Contradictory Truths, Part Two
by Charles R. Swindoll
God often delivers His best gifts to us in unexpected ways . . . with surprises inside the wrappings. Through apparent contradictions. Somewhat like the therapy He used when Elijah was so low, so terribly disillusioned.
How did the Lord minister to him? By an earthquake? In a whirlwind? Through a scorching fire? You'd expect all the above since Elijah was such a passionate, hard-charging prophet. But no. The story from 1 Kings 19 makes it clear that Jehovah was not in the earthquake or the wind or the fire. Too obvious. Too predictable. That's not the Sovereign's style.
After all the hullabaloo died down, there came "a gentle blowing" and shortly thereafter, ever so softly, "a voice" came to him (vv. 12–13) with words of reassurance and affirmation. Not, "You oughta be ashamed of yourself!" Or "What's a man of your stature doing in a crummy place like this?" None of that. No blame, no shame, no sermon, no name-calling, no blistering rebuke. In contradiction to the popular idea of confrontation (and surely surprising to Elijah himself), the Lord encouraged His friend to go on from there. He gave him a plan to follow, a promise to remember, and a traveling companion to help him make it through the night.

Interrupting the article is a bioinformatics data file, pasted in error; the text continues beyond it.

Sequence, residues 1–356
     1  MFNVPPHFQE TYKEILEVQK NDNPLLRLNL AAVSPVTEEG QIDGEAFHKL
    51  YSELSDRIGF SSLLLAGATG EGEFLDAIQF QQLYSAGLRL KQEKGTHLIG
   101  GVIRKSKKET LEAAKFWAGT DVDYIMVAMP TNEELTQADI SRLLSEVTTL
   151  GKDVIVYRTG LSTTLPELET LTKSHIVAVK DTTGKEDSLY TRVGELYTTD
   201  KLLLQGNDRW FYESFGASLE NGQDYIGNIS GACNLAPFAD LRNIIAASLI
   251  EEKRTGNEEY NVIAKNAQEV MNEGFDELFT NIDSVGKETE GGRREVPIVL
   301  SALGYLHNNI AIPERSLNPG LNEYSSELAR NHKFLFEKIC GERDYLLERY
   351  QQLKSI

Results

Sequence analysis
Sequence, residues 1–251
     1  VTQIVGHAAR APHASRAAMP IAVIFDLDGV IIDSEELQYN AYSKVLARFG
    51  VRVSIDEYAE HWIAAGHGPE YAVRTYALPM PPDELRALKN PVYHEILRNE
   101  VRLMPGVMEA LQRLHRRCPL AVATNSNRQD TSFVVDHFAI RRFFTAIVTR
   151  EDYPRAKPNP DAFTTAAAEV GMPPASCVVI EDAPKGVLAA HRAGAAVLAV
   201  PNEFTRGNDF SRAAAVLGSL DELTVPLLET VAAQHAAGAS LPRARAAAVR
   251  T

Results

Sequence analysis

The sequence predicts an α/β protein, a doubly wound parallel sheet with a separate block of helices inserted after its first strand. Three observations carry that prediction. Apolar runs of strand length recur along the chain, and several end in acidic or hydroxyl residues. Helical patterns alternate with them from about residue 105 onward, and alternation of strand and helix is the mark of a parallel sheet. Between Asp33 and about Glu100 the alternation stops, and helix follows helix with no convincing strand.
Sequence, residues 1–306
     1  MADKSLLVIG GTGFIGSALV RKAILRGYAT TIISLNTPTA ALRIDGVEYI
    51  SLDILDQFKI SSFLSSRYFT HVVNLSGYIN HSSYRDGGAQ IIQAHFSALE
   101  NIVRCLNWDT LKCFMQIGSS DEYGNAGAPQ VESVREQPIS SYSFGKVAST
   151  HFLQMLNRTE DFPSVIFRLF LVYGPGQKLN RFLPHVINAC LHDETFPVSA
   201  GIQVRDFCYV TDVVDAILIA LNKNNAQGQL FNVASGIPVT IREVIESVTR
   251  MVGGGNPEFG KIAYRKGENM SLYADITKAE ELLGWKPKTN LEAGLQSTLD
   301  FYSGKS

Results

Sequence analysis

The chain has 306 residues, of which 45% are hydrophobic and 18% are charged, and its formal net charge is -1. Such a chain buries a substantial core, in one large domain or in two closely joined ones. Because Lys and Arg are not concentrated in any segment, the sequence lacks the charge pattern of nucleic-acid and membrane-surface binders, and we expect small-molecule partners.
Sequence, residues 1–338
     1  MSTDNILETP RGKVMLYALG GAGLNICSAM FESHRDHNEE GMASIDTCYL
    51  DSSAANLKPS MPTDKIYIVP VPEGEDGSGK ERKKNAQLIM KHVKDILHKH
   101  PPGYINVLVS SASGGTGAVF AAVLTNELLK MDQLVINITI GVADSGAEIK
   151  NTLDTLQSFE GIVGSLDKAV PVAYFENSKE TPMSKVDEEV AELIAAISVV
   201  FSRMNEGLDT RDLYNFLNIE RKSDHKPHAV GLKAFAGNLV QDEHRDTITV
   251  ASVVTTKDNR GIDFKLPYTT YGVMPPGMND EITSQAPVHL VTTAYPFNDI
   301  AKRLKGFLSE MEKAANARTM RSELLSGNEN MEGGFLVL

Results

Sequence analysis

Another mysterious back-door delivery . . . another victim of despair rescued from the pit. No wonder Paul burst forth in praise of God's wisdom and knowledge by exclaiming:
How unsearchable are His judgments . . . [how] unfathomable His ways! (Romans 11:33b)
About the time we think we've got the whole picture in finite focus, an infinite hand quickly grabs the camera, changes lenses on us, points in another direction, and has us take an entirely different picture. Yet to our amazement, when everything is developed, we get the one thing we wanted all our lives through a process we would never have chosen.
It's like the anonymous poet's profound admission:
I asked God for strength, that I might achieve;
I was made weak, that I might learn to humbly obey.
I asked for health, that I might do greater things;
I was given infirmity, that I might do better things.
I asked for riches, that I might be happy;
I was given poverty, that I might be wise.
I asked for power, that I might have the praise of
I was given weakness, that I might feel the need of God.
I asked for all things, that I might enjoy life;
I was given life, that I might enjoy all things.
I got nothing that I asked for,
But everything I had hoped for.
I am, among all men, most richly blessed.
Excerpted from Come Before Winter and Share My Hope, Copyright © 1985, 1988, 1994 by Charles R. Swindoll, Inc. All rights reserved worldwide. Used by permission.
Used with permission. All rights reserved.